Portuondo v. Agard,
Annotate this Case
529 U.S. 61 (2000)
- Syllabus |
OCTOBER TERM, 1999
PORTUONDO, SUPERINTENDENT, FISHKILL CORRECTIONAL FACILITY v. AGARD
CERTIORARI TO THE UNITED STATES COURT OF APPEALS FOR THE SECOND CIRCUIT
No. 98-1170. Argued November 1, 1999-Decided March 6, 2000
Respondent was convicted on New York criminal charges after a trial that required the jury to decide whether it believed the testimony of the victim and her friend or the conflicting testimony of respondent. The prosecutor challenged respondent's credibility during summation, calling the jury's attention to the fact that respondent had the opportunity to hear all other witnesses testify and to tailor his own testimony accordingly. The trial court rejected respondent's objection that these comments violated his right to be present at trial. After exhausting his state appeals, respondent filed a petition for habeas corpus in federal court claiming, inter alia, that the prosecutor's comments violated his Fifth and Sixth Amendment rights to be present at trial and confront his accusers, and his Fourteenth Amendment right to due process. The District Court denied his petition, but the Second Circuit reversed.
1. The prosecutor's comments did not violate respondent's Fifth and Sixth Amendment rights. The Court declines to extend to such comments the rationale of Griffin v. California, 380 U. S. 609, in which it held that a trial court's instruction about a defendant's refusal to testify unconstitutionally burdened his privilege against self-incrimination. As a threshold matter, respondent's claims find no historical support. Griffin, moreover, is a poor analogue for those claims. Griffin prohibited the prosecution from urging the jury to do something the jury is not permitted to do, and upon request a court must instruct the jury not to count a defendant's silence against him. It is reasonable to expect a jury to comply with such an instruction because inferring guilt from silence is not always "natural or irresistible," id., at 615; but it is natural and irresistible for a jury, in evaluating the relative credibility of a defendant who testifies last, to have in mind and weigh in the balance the fact that he has heard the testimony of those who preceded him. In contrast to the comments in Griffin, which suggested that a defendant's silence is "evidence of guilt," ibid., the prosecutor's comments in this case concerned respondent's credibility as a witness. They were therefore in accord with the Court's longstanding rule that when a defendant takes the stand, his credibility may be assailed like that of any
other witness-a rule that serves the trial's truth-seeking function, Perry v. Leeke, 488 U. S. 272, 282. That the comments here were generic rather than based upon a specific indication of tailoring does not render them infirm. Nor does the fact that they came at summation rather than at a point earlier in the trial. In Reagan v. United States, 157 U. S. 301, 304, the Court upheld the trial court's recitation of an interested-witness instruction that directed the jury to consider the defendant's deep personal interest in the case when evaluating his credibility. The instruction in Reagan, like the prosecutor's comments in this case, did not rely on any specific evidence of actual fabrication for its application, nor did it come at a time when the defendant could respond. Nevertheless, the Court considered the instruction to be perfectly proper. Pp. 65-73.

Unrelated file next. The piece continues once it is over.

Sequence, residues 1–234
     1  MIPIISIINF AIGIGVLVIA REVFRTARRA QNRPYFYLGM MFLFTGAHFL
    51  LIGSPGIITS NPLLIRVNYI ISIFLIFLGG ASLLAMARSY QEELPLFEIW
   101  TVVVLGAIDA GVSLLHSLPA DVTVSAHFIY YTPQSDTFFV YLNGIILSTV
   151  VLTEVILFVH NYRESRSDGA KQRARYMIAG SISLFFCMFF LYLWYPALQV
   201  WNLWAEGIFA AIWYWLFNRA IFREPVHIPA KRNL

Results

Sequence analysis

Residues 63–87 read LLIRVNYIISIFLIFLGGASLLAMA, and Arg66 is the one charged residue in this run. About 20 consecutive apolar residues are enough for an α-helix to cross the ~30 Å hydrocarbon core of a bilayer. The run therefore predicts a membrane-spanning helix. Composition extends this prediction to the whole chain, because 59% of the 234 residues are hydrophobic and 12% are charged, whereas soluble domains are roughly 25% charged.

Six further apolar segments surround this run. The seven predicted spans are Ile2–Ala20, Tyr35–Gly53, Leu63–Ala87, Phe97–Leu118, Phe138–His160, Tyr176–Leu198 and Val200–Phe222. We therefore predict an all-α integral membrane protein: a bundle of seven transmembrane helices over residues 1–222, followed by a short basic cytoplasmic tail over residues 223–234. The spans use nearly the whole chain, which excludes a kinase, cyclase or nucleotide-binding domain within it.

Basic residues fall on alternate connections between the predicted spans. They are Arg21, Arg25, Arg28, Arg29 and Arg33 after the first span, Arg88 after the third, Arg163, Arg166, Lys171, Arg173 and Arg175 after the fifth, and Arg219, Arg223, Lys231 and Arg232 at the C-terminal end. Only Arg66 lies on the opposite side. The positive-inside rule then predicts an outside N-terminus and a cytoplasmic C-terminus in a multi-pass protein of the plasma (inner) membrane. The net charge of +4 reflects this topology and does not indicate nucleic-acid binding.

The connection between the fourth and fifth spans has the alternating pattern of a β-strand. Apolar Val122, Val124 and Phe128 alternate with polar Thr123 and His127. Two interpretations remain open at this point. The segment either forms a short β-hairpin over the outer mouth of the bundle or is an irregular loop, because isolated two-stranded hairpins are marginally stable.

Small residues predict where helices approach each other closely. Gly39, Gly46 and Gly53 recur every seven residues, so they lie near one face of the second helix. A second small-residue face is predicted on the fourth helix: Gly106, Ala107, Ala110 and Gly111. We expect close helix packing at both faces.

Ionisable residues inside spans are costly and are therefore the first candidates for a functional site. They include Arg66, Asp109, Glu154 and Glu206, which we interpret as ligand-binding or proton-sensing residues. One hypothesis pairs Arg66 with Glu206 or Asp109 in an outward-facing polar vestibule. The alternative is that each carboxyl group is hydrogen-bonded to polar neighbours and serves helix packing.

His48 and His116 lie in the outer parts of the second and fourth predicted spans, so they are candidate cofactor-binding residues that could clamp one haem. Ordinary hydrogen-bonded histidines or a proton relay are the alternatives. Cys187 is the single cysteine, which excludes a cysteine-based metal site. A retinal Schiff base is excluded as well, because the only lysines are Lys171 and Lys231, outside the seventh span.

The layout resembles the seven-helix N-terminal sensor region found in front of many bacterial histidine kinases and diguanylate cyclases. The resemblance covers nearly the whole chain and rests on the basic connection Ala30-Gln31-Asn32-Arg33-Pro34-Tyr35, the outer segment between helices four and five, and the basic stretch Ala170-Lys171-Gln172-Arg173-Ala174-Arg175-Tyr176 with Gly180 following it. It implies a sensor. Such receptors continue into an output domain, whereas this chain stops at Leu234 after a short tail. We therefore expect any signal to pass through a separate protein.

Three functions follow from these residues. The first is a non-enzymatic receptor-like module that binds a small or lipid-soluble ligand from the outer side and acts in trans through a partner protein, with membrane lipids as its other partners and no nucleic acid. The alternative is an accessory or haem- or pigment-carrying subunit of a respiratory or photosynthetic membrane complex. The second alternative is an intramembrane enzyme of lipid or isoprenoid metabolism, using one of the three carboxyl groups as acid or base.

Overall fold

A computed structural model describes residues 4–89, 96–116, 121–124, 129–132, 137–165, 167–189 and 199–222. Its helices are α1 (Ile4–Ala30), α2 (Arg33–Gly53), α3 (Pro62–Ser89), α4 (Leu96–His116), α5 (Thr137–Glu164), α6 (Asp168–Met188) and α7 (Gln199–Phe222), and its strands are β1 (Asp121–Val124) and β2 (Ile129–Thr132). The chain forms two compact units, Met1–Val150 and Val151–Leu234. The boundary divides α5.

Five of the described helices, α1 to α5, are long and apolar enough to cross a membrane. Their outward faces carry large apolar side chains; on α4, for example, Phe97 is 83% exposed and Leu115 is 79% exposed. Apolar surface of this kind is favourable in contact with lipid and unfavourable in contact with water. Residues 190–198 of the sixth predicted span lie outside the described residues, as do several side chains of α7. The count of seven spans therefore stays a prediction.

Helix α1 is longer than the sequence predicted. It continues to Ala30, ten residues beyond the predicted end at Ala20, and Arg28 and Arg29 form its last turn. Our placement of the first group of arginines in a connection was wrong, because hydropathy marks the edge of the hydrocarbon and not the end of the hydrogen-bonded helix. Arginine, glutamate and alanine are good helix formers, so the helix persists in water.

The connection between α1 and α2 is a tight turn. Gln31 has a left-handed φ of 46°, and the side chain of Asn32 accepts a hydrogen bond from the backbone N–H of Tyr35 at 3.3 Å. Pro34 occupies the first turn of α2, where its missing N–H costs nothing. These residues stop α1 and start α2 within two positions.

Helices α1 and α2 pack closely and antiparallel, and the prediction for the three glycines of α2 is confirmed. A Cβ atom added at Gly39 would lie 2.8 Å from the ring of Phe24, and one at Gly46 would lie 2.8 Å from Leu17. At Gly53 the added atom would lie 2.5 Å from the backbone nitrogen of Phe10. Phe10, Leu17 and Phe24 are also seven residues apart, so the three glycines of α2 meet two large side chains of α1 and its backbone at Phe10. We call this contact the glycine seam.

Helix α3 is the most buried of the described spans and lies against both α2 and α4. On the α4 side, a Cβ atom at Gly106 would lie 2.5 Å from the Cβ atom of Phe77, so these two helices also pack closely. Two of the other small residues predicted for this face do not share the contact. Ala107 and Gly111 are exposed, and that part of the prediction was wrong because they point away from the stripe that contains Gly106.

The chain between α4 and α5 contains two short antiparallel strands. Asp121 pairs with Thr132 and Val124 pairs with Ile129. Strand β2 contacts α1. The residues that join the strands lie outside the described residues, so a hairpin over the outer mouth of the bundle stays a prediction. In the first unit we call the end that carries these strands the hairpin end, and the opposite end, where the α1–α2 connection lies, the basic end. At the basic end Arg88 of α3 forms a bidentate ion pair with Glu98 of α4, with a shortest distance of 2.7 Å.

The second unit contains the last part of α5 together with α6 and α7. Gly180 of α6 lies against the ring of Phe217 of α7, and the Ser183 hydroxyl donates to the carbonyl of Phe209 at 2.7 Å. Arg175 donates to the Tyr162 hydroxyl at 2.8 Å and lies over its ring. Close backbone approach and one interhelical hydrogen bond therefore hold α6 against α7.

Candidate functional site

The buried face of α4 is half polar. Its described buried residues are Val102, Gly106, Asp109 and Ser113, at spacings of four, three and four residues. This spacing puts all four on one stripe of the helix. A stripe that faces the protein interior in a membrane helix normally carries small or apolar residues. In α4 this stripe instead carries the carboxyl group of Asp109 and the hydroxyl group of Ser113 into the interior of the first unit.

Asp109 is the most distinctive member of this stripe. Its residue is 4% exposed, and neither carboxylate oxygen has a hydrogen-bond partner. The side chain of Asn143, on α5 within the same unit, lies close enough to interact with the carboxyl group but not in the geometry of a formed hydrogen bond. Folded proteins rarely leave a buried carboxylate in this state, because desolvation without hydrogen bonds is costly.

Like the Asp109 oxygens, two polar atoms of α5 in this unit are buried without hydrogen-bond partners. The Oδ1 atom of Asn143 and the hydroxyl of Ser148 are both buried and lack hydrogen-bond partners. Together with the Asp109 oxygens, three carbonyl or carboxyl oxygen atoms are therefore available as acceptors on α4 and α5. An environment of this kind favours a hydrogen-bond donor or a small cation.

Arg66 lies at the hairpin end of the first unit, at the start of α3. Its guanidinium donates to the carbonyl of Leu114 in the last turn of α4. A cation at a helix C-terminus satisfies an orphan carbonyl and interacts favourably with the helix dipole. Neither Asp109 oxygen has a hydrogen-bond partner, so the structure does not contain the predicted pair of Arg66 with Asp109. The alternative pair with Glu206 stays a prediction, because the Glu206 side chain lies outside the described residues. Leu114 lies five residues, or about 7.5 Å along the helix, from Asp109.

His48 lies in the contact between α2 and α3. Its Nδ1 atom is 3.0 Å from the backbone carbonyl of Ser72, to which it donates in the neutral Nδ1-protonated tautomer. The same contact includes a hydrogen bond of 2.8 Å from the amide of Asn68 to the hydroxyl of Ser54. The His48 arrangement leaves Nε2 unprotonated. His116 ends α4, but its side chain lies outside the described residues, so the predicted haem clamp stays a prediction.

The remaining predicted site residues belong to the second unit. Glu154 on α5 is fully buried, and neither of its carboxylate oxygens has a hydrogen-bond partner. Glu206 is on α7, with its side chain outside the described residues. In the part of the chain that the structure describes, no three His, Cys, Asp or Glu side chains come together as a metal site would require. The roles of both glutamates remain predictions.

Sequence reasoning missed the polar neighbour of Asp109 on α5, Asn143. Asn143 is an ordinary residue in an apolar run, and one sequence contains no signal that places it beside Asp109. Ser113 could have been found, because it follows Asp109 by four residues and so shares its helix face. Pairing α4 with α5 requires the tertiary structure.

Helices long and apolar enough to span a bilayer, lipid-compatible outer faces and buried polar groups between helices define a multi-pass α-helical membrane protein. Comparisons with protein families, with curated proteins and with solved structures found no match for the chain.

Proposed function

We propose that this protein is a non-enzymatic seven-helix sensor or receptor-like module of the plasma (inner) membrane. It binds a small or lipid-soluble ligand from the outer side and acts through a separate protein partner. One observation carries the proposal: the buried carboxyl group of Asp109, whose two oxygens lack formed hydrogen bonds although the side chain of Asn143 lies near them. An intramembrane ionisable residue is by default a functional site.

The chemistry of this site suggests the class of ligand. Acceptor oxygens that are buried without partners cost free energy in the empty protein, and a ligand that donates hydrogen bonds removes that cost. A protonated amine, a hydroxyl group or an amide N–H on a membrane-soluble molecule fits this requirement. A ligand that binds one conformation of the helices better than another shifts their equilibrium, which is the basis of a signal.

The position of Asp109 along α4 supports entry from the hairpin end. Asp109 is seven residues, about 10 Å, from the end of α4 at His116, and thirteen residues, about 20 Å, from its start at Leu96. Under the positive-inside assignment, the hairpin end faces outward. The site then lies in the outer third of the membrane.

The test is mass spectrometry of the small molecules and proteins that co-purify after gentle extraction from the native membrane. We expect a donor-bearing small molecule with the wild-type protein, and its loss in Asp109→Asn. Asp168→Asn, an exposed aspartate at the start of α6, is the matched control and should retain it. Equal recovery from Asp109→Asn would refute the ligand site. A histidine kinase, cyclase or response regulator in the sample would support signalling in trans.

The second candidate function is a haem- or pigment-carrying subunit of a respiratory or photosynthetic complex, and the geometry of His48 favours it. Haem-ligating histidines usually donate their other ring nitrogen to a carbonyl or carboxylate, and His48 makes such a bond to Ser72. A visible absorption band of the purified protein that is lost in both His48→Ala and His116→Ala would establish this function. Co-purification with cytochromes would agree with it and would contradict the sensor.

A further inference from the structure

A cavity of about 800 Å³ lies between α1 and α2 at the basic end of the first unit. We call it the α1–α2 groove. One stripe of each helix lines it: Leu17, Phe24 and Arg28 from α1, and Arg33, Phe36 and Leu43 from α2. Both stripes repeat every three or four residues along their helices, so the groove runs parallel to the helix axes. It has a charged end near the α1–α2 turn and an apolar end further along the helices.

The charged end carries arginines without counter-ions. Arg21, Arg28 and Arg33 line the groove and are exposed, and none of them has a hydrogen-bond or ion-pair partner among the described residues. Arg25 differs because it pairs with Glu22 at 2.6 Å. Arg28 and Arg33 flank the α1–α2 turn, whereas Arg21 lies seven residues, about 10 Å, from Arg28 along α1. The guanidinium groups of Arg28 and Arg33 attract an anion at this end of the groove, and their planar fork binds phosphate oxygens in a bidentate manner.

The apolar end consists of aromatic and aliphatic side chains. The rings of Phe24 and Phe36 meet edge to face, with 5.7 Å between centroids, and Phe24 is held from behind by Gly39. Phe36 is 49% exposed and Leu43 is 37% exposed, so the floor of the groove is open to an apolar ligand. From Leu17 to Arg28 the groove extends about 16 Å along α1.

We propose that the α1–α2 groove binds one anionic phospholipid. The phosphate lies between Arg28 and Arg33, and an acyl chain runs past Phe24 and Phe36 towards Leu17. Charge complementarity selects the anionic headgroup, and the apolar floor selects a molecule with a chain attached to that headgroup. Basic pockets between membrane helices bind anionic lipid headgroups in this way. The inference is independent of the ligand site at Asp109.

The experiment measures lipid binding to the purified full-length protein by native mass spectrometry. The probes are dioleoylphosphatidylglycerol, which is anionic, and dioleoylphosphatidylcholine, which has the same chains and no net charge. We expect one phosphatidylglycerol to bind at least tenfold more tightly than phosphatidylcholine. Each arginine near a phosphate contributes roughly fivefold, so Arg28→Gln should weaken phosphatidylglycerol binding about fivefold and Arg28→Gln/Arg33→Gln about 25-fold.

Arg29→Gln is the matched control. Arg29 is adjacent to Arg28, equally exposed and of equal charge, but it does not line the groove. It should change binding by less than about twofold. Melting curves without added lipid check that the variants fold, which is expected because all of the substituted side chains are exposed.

2. The prosecutor's comments also did not violate respondent's right to due process. To the extent his due process claim is based upon an alleged burdening of his Fifth and Sixth Amendment rights, it has been disposed of by the determination that those Amendments were not directly infringed. Respondent also argues, however, that it was improper to comment on his presence at trial because New York law requires him to be present. Respondent points to the Court's decision in Doyle v. Ohio, 426 U. S. 610, for support. The Court held in Doyle that the prosecution may not impeach a defendant with his post-Miranda warnings silence because those warnings carry an implicit "assurance that silence will carry no penalty." Id., at 618. No promise of impunity is implicit in a statute requiring a defendant to be present at trial, and there is no authority whatever for the proposition that the impairment of credibility, if any, caused by mandatory presence at trial violates due process. Pp.74-75.
117 F.3d 696, reversed and remanded.
SCALIA, J., delivered the opinion of the Court, in which REHNQUIST, C. J., and O'CONNOR, KENNEDY, and THOMAS, JJ., joined. STEVENS, J., filed an opinion concurring in the judgment, in which BREYER, J., joined, post, p. 76. GINSBURG, J., filed a dissenting opinion, in which SOUTER, J., joined, post, p. 76.
Andrew A. Zwerling argued the cause for petitioner.
With him on the briefs were Richard A. Brown, John M. Castellano, and Ellen C. Abbot.
Jonathan E. Nuechterlein argued the cause for the United States as amicus curiae urging reversal. With him on the brief were Solicitor General Waxman, Assistant Attorney